Now if you say that the time relationship and isolating variables is not enough to establish proximal cause, then how can you answer "Why does China exist?" What caused China to exist in the first place? What causes it to continue to exist? Solving the "soft problem" in this case seems to be enough. If it is not, then I think you are merely defining the problem in such a way that it is "hard." You can make the answer to any question hard in the same way.
    I only meant that one cannot measure causation, only infer it from correlation. So the soft problem involves measuring correlation.

    Quote Originally Posted by ygolo View Post
    This again seems like a way of defining consciousness so that it is hard to isolate. So what if the experiencer has had preprogrammed results? Unless we are biasing ourselves to say "if something is programmed then it cannot be conscious," we can just leave that issue open. It is still in the realm of possibility that we, ourselves, are just "programmed" (or "wired" or whatever word you want to use).
    If the experiencer is preprogrammed to say it is or is not conscious. Then what it says is not reliable because the programmer doesn't know whether it is conscious or not.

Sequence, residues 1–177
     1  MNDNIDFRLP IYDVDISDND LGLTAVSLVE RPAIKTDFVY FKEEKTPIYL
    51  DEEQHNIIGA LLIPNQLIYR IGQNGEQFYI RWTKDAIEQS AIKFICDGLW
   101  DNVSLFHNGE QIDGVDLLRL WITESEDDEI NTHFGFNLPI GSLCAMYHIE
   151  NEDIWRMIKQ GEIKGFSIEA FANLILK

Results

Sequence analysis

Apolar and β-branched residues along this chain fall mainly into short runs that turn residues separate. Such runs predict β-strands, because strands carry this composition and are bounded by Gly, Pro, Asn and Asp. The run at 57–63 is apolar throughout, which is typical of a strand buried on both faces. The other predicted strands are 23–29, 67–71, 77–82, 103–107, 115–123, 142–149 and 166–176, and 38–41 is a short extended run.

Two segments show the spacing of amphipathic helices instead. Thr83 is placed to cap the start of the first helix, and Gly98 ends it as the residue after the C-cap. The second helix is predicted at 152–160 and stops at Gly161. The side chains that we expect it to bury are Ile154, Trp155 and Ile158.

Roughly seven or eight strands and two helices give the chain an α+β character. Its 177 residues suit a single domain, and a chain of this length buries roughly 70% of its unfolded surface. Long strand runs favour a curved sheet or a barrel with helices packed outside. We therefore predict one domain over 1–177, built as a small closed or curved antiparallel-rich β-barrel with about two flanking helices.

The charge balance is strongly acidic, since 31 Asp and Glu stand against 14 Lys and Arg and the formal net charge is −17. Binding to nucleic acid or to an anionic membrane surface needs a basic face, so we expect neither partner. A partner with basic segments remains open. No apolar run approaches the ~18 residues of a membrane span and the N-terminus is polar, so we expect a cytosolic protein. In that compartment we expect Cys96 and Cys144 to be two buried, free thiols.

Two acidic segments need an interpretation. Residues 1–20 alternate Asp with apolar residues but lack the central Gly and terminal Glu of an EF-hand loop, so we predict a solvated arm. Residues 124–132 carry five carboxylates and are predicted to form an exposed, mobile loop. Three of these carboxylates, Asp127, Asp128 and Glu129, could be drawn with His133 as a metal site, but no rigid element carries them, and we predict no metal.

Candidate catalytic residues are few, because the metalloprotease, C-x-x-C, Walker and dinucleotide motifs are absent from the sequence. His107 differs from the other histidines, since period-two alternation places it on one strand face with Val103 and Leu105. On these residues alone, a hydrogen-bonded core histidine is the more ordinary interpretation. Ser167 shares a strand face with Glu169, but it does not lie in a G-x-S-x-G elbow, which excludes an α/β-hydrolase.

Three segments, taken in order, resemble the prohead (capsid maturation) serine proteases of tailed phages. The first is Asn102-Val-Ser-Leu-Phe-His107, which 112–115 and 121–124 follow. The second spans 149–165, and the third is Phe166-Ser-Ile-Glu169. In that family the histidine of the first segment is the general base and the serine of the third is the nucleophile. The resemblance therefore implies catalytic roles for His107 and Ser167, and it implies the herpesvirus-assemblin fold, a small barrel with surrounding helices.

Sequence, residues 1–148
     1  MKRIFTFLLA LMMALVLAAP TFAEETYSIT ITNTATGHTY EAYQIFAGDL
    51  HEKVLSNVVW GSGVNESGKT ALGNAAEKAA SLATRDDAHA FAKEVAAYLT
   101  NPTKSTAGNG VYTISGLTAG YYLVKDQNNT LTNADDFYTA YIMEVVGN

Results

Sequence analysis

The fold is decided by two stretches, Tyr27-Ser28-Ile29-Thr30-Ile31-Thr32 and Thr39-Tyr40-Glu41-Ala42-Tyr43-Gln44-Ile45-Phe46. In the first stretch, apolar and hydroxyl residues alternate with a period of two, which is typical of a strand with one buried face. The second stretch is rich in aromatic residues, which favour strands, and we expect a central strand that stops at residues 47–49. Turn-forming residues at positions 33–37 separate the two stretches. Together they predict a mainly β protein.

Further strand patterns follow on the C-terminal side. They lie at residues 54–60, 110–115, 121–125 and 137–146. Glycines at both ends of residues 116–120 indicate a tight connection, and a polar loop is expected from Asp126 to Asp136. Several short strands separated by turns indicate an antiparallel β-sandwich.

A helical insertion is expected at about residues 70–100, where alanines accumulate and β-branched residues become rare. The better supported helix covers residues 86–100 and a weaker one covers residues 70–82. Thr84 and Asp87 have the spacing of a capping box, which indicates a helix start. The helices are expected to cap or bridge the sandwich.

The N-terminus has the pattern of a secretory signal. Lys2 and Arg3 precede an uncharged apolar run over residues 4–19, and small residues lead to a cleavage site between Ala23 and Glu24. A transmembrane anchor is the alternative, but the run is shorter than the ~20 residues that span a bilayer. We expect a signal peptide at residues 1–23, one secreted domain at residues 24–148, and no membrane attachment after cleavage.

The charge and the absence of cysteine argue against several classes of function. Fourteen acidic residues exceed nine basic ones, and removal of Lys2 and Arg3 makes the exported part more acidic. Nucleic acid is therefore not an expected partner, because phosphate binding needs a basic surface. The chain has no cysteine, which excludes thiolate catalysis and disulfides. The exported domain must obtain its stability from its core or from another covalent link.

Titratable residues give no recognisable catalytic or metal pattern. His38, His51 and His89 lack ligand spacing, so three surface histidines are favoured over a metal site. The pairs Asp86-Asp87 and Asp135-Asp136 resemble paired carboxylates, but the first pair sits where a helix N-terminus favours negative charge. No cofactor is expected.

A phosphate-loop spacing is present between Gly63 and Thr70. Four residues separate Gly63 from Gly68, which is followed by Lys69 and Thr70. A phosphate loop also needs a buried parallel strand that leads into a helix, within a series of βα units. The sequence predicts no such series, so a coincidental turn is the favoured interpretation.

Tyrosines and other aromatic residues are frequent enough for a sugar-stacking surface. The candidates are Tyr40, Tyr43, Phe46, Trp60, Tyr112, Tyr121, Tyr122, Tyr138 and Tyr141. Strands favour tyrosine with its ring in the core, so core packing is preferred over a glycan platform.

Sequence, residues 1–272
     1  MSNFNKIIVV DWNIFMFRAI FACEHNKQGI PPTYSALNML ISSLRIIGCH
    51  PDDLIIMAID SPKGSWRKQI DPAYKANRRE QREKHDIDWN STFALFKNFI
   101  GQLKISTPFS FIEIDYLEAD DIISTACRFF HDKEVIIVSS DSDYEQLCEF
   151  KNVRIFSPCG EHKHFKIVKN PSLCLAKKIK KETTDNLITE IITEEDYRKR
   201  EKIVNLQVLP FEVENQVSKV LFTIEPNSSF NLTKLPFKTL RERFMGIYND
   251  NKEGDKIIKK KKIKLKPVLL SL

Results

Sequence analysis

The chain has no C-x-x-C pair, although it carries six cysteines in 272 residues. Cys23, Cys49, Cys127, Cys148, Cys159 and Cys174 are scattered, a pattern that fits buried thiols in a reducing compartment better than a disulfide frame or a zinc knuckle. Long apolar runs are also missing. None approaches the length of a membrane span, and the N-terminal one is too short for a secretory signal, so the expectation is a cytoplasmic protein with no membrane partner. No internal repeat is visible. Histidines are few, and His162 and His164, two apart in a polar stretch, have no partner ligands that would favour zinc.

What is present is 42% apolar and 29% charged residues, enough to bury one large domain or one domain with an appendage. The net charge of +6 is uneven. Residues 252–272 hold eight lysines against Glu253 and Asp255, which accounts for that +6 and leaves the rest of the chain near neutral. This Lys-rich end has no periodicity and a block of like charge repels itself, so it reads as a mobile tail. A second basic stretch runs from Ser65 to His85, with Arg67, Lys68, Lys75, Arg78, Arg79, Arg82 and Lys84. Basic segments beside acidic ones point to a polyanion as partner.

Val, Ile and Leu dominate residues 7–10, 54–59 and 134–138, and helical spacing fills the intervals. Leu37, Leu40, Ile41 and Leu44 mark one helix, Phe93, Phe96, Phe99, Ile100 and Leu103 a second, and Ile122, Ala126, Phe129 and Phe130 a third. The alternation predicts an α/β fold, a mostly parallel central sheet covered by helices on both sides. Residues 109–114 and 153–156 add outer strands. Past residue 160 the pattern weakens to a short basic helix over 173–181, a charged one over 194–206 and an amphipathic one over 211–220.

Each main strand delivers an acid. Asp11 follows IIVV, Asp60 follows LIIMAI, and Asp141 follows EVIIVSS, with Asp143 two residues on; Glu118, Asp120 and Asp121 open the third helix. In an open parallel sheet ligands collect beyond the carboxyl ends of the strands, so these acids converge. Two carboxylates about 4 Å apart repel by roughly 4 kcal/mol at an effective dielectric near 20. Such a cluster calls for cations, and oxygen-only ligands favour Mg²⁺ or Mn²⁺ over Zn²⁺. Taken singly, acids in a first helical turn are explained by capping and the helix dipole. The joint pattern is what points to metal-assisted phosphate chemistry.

Yes you can parallel that to humans. No I wasn't suggesting something programmed is not conscious.

    Quote Originally Posted by ygolo View Post
    Here again, we are left with semantics. Is a robot reporting everything it senses, conscious? Is a cow mooing in pain conscious? They way you define consciousness will feed into your answers as to "why" the "experience" happens.

    In short, the difficulties you mentioned above are direct results of the vagueness of the word "consciousness" itself, not results of any philosophical position.

    I think the real question is "why do we as humans experience what we experience." This gets around the problem of using vague terms like "consciousness."

    We have made great strides towards answering that question, and I am hopeful that we will get some solid answers.